The last element, which we might come on to, is about the mobility of researchers to collaborate. The Agreement provides for a 90-day visa-free waiver, including for research purposes. That is good because it will support short-term collaborations on clinical trials, for example. However, many researchers who come to the UK are originally from the EU and, now that they will have to go through an immigration system that is relatively costly in comparison with other countries, we are concerned about perception of the UK as a destination for international talent. That will also be high on the agenda of our research community in the coming months.
Lord Giddens: Very briefly, are there any specific problems that face university-based research as regards personnel? I am talking about academic medical research.
Emlyn Samuel: Could you repeat that?
Lord Giddens: Are there any specific problems facing academic medical research that you could single out very quickly, as contrasted to more practical research?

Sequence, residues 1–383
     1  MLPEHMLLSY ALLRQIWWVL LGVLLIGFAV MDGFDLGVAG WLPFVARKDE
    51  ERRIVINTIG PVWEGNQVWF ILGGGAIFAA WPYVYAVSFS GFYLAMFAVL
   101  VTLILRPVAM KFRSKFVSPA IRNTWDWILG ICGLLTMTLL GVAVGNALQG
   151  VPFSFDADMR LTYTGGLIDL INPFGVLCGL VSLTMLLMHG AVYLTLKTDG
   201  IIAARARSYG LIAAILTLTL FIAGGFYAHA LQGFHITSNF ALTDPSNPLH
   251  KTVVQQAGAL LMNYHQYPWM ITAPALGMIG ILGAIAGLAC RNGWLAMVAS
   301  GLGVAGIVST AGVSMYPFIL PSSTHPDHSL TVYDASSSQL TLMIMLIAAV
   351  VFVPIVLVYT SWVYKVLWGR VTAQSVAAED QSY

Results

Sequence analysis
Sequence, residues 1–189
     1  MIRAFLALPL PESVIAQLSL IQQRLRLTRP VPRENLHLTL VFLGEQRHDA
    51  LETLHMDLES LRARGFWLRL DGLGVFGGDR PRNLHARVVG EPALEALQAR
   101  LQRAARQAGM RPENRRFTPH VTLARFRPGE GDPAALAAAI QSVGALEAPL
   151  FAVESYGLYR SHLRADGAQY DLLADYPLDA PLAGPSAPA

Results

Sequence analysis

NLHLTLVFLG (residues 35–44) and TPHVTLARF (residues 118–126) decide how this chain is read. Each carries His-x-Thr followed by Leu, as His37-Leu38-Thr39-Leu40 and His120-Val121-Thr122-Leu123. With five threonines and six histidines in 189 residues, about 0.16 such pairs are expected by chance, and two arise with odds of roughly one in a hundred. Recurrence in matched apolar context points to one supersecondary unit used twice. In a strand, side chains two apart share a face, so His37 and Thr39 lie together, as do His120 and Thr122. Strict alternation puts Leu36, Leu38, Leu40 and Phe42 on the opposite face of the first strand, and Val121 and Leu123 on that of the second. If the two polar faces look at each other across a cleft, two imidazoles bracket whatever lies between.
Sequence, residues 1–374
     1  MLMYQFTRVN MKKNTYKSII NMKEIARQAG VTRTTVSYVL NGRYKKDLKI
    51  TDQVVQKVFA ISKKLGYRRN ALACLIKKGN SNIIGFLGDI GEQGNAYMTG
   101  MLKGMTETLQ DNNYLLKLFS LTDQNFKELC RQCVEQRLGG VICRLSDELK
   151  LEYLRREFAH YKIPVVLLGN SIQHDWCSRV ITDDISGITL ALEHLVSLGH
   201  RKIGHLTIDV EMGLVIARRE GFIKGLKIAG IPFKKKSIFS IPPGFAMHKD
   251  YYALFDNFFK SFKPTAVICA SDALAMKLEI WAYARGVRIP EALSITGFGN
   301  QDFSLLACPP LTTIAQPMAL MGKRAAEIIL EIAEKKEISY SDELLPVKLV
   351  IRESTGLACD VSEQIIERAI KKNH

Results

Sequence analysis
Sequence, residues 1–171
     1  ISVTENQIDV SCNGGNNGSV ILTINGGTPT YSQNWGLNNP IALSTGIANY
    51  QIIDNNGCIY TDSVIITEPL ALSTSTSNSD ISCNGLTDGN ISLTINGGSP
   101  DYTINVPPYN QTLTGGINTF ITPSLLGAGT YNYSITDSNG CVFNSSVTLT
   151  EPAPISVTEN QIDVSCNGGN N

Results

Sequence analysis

Emlyn Samuel: The issue of sponsorship is potentially more impactful for the academic sector. It is likely that larger companies will have sites in the EU already and will be able to transfer their legal status, whereas academic sponsors in the UK have not had that previously. There is a new process and new expense for them to set those things up. That is one area where the agreement disproportionately impacts on the academic setting.
Fiona Loud: I absolutely agree with all the detail that Emlyn has just given. We look to the Government to support research in this country so that patients are able to move forwards rather than backwards without any of the barriers Emlyn has just talked about. We have seen how we can do that with COVID. We need to look forward as well, appreciating what we can do to overcome the barriers, and to ensure that patients in the UK continue to benefit.